• The Draugr is a related variety of undead, popularized by The Elder Scrolls series, but again, dating back to Norse oral tradition. These are essentially the wights of particularly greedy, evil, or stong-willed individuals who manage to retain a greater amount of mental and physical ability. They are not bound to their grave or site of death, though many choose to use such places as a lair out of entitlement or convenience. They possess great magical abilities, including the power to raise their victims as wights. These are the prototype for the Lich and reflect certain aspects of the Revenant and Vampire of nearby cultures.
  • Zombies: Just ordinary, run-of-the-mill walking corpses. They come in a variety of types, but they tend to share some general traits. Zombies tend to be slow (usually), weak (comparatively), mostly blind (unless they aren't), and stupid (at least at first...). Surprisingly squishy, but they don't really notice. Some of them die quickly when burned. Others... don't. However, most, if not all zombies, can be quickly taken down by Removing the Head or Destroying the Brain. Other times they're unkillable.
    • Plague Zombies: These zombies are the product of an infectious disease or curse that spreads by biting living people, which turns them into new zombies to repeat the cycle until it reaches globally pandemic proportions. These are the most common zombie variants you'll see.
    • Revenants: Your standard resuscitated corpse; however, unlike a regular zombie, the revenant isn't quite so rotting and falling apart, fairly intelligent and sapient; and, most importantly, an individual, since they retain their memories and personalities from their previous lives. They tend to seek vengeance for past wrongs, especially if they were murdered. While conceptually very old, and the prototype from which many other undead derive, this trope has fallen out of favor for the hordes of zombies and the bloodsucking vampires.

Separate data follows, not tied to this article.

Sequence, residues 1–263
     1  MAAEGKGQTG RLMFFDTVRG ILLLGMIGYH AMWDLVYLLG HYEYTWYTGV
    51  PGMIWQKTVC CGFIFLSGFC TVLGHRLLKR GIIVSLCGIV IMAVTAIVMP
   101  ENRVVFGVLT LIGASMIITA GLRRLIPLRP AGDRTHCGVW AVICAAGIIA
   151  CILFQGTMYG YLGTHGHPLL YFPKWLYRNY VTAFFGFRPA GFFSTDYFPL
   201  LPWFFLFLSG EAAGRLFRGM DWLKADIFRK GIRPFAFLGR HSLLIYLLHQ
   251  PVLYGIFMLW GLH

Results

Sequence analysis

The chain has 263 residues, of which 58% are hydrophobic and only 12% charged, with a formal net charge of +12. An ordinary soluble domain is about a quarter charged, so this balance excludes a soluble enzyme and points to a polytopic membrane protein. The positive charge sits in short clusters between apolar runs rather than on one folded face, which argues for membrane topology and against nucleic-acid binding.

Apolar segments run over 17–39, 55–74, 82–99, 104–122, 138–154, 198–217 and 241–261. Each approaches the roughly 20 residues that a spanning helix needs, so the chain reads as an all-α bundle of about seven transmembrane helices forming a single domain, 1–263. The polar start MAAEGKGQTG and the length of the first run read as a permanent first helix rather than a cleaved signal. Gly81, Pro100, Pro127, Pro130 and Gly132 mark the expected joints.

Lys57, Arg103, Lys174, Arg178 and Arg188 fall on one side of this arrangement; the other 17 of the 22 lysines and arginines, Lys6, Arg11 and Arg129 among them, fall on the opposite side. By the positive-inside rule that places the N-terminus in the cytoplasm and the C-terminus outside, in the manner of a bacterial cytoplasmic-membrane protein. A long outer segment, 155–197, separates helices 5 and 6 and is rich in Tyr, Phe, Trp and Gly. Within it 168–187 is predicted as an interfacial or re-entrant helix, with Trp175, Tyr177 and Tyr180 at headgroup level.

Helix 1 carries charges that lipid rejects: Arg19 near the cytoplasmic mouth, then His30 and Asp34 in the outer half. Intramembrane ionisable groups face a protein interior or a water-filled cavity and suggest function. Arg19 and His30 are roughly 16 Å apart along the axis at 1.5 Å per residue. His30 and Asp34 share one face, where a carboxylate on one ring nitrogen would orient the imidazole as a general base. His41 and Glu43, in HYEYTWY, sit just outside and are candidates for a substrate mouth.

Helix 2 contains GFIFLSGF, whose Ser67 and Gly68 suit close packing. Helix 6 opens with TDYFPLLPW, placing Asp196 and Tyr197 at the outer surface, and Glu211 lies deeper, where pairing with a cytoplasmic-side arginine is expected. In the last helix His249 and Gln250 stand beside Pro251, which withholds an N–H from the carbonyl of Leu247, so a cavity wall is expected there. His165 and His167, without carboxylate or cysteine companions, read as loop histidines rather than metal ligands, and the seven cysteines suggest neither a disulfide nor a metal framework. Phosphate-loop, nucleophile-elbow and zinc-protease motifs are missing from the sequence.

• Voodoo Zombies: These undead are created by dark voodoo magic, and they serve as the enslaved minions of the necromancer who raised them their graves. This was the original meaning of the term "zombie" before Hollywood made them synonymous with the Plague Zombies we all know and love.
  • Swamp Monsters: Swamp monsters in the line of "It" by Theodore Sturgeon are usually undead humans. They've died in a swamp or a similar wet and fertile soil where their flesh has been partially or fully replaced by fungus or plant matter.
  • Non-Human Undead: Not all undead begin as humans. A work that includes the undead often includes other fantastical or otherworldly creatures, and these may be just as likely to get up and walk around when they're supposed to be dead. Such entities may also be any of the above types of undead in addition to this trope.
    • Undead Animals: Take everything previously mentioned about the undead, and now apply it to all forms of life. As it turns out, not everything is better with penguins.
      • Ghostly Animals: Very similar to zomibifed animals, but they do not have any physical body, which can make them very dangerous or at least much harder to get rid of.
    • Undead Dragons: A dragon returned from the grave, and a frequent cause of adventurers seriously contemplating their life choices.
  • Undead Abomination: An Eldritch Abomination that is undead in nature. They are far more bizarre, creepy, and powerful than any regular human undead.
  • Undead Children: Take any one of the other kinds of undead mentioned above, but make it a deceased, creepy, evil little kid. Now they're twice as creepy, and rather hard to shoot at.
  • Undead Pirates: Not all maritime marauders who lived and died centuries ago during the Golden Age are guaranteed to stay buried at sea. Sometimes, they'll just rise out of Davy Jones' Locker to continue terrorizing people in the ocean, often sailing on literal ghost ships such as the Flying Dutchman. They bring a whole new meaning to the skull-and-crossed-swords symbol on the Jolly Roger flag.
  • Undead Warriors: Soldiers and warriors who were slain in combat, but have somehow returned to haunt new battlefields and fight again. They often serve as infantry troops for any evil army.